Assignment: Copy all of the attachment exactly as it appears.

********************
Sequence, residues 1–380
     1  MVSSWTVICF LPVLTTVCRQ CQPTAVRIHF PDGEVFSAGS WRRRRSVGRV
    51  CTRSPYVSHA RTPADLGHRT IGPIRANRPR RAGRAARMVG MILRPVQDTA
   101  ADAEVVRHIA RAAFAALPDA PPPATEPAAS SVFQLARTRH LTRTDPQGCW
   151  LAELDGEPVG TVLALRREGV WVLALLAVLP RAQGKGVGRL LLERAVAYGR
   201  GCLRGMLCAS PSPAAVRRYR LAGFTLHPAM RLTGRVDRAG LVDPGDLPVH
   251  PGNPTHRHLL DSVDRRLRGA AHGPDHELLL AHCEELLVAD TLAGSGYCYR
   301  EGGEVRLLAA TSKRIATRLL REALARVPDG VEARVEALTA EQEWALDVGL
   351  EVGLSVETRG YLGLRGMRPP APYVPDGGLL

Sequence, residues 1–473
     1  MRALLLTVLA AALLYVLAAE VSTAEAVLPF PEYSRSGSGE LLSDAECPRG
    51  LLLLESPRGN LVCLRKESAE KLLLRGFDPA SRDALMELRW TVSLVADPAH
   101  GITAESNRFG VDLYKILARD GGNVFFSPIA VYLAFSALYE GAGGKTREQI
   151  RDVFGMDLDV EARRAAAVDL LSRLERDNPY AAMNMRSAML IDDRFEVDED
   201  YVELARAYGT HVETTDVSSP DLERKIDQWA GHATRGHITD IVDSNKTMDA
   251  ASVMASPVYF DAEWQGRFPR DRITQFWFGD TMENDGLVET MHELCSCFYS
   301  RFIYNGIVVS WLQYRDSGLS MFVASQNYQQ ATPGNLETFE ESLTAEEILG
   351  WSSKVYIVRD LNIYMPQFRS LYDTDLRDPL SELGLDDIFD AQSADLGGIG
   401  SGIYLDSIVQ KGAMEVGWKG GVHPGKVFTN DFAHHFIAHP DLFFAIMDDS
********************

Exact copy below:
Sequence, residues 1–380
     1  MVSSWTVICF LPVLTTVCRQ CQPTAVRIHF PDGEVFSAGS WRRRRSVGRV
    51  CTRSPYVSHA RTPADLGHRT IGPIRANRPR RAGRAARMVG MILRPVQDTA
   101  ADAEVVRHIA RAAFAALPDA PPPATEPAAS SVFQLARTRH LTRTDPQGCW
   151  LAELDGEPVG TVLALRREGV WVLALLAVLP RAQGKGVGRL LLERAVAYGR
   201  GCLRGMLCAS PSPAAVRRYR LAGFTLHPAM RLTGRVDRAG LVDPGDLPVH
   251  PGNPTHRHLL DSVDRRLRGA AHGPDHELLL AHCEELLVAD TLAGSGYCYR
   301  EGGEVRLLAA TSKRIATRLL REALARVPDG VEARVEALTA EQEWALDVGL
   351  EVGLSVETRG YLGLRGMRPP APYVPDGGLL

Sequence, residues 1–473
     1  MRALLLTVLA AALLYVLAAE VSTAEAVLPF PEYSRSGSGE LLSDAECPRG
    51  LLLLESPRGN LVCLRKESAE KLLLRGFDPA SRDALMELRW TVSLVADPAH
   101  GITAESNRFG VDLYKILARD GGNVFFSPIA VYLAFSALYE GAGGKTREQI
   151  RDVFGMDLDV EARRAAAVDL LSRLERDNPY AAMNMRSAML IDDRFEVDED
   201  YVELARAYGT HVETTDVSSP DLERKIDQWA GHATRGHITD IVDSNKTMDA
   251  ASVMASPVYF DAEWQGRFPR DRITQFWFGD TMENDGLVET MHELCSCFYS
   301  RFIYNGIVVS WLQYRDSGLS MFVASQNYQQ ATPGNLETFE ESLTAEEILG
   351  WSSKVYIVRD LNIYMPQFRS LYDTDLRDPL SELGLDDIFD AQSADLGGIG
   401  SGIYLDSIVQ KGAMEVGWKG GVHPGKVFTN DFAHHFIAHP DLFFAIMDDS